The Stage's were my very first real hi end speaker. I purchased the demo pair with bases, on Long Island back in 1990. Kept them for about 6 years and sent them to my Dad..who kept them 4 years before he sold them. Although, I "upgraded" to the Majors and they were more dynamic with tighter bass....I did missed the midrange of the Stages overall.
I wasn't as much into the high end in the late 60's and early 70's as I am now. As a student, I just couldn't afford it.
I didn't become interested in the high end until the mid 80's, well past the golden age. I was mainly intrigued by Maggies and Quads, and I still couldn't afford it. So my "vintage speaker" associations are mainly with JBLs (L88s and 100s), KLHs (17s), ARs (2 and 2As) and various Advents that belonged to friends.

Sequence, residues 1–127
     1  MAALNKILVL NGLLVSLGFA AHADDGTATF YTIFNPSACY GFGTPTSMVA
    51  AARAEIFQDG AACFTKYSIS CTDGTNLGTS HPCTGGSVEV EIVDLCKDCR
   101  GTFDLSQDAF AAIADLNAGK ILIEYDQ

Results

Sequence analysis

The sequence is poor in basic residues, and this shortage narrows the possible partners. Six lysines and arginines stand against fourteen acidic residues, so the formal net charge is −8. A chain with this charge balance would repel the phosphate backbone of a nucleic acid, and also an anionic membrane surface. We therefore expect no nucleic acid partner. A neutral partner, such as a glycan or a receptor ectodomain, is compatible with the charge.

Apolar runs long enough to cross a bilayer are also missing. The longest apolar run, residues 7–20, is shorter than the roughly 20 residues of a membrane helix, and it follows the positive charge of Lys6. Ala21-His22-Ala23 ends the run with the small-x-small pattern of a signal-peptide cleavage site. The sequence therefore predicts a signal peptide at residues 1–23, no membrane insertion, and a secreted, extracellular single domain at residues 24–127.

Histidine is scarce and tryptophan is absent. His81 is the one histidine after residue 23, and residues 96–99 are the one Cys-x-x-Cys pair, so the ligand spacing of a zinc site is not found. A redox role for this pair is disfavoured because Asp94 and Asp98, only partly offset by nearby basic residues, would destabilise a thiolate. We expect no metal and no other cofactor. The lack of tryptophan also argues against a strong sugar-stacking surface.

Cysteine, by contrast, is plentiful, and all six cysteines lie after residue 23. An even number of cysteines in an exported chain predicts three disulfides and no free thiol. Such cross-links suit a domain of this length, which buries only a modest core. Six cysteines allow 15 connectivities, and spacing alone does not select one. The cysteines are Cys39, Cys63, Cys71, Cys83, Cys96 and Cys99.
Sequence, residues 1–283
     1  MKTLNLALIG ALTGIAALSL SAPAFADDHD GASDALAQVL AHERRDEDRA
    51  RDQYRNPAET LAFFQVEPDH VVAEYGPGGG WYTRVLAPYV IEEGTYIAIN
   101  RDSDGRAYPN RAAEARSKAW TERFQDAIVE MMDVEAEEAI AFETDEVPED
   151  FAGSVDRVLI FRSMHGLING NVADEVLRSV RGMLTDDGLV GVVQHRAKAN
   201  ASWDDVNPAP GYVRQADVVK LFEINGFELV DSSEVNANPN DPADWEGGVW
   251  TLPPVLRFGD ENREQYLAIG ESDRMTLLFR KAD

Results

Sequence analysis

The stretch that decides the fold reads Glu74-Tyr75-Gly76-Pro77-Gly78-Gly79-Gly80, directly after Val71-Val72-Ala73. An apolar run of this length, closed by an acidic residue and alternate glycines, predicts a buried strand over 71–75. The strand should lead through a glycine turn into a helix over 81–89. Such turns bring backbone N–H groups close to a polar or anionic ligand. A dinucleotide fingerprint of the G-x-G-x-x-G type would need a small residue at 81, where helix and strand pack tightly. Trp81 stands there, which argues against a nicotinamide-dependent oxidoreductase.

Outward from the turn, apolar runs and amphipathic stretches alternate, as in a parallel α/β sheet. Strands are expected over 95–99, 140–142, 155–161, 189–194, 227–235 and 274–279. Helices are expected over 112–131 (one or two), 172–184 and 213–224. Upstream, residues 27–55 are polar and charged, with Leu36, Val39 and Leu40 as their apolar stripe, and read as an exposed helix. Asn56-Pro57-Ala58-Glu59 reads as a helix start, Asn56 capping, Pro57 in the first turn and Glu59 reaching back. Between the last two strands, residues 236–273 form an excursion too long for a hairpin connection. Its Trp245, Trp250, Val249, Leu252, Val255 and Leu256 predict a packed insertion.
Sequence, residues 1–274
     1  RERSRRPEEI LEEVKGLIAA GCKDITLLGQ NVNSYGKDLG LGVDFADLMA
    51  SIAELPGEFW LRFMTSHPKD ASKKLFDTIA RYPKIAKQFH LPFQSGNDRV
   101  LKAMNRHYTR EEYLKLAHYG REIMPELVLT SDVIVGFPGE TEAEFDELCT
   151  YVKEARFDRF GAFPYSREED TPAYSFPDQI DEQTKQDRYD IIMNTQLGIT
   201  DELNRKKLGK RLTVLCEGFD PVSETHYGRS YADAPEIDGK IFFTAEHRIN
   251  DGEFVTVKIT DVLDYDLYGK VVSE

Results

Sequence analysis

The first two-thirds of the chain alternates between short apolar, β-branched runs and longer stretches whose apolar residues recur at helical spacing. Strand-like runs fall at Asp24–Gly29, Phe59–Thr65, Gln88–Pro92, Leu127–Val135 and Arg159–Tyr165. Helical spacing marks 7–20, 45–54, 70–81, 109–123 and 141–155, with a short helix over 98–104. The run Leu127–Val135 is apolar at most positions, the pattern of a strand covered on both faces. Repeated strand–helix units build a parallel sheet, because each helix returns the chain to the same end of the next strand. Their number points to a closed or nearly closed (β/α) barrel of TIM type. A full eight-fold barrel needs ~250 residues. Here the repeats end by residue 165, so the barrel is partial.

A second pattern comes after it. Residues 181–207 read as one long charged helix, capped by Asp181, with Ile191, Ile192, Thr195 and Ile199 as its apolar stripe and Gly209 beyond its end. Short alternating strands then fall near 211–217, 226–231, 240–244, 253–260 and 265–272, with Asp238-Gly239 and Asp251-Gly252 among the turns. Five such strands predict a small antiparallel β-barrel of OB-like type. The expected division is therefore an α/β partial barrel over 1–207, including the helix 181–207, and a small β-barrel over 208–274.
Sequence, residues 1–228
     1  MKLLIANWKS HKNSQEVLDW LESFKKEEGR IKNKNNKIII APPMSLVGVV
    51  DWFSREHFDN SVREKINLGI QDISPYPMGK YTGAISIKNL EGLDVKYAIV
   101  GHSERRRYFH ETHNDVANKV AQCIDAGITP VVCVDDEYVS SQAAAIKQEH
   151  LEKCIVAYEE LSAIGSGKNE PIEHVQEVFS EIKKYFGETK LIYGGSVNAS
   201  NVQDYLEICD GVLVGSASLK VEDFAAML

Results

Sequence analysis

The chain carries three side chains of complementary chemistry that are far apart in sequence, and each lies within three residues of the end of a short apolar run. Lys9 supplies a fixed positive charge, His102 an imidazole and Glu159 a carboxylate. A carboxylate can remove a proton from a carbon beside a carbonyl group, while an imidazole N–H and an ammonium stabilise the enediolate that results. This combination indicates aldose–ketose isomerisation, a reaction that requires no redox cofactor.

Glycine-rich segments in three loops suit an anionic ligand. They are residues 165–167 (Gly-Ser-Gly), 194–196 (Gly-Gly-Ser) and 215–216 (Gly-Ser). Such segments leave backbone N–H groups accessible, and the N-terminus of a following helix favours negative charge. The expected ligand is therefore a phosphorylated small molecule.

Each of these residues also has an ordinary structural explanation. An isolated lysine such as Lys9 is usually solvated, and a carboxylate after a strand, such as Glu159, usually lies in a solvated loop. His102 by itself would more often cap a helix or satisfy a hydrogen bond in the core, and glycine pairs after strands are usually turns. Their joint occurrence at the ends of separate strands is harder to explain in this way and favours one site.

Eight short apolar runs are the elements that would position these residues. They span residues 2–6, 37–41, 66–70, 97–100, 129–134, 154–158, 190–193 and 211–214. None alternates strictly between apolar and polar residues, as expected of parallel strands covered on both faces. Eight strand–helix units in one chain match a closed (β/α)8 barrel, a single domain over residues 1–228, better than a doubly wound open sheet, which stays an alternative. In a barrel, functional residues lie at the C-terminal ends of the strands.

The main difference I hear bewteen speakers 35-40 years ago and speakers in the last 10-15 years is the quality of resolution - "modern" high end speakers, for good or ill, are much more highly resolving than the vintage speakers whether monitors or floorstanders, stats or planars.
(The solid state revolution changed everything.)
I still have some older electronic gear around (Heathkit, Scott, Yamaha, Luxman), much of it loaned to music loving, cash-strapped friends, one of whom I've also loaned my last vintage speakers to. I still enjoy many of older speakers, but I'm not looking to put any vintage speakers in my main system.
In fact, the only "vintage" piece in my main system is a Luxman tuner.
I am surprised, nay *shocked* that anyone considers Apogees vintage. No longer manufactured but of the modern era, surely.
I don't know what Apogees sound like, but they appear to have qualities associated with current high end and would not make "vintage sound".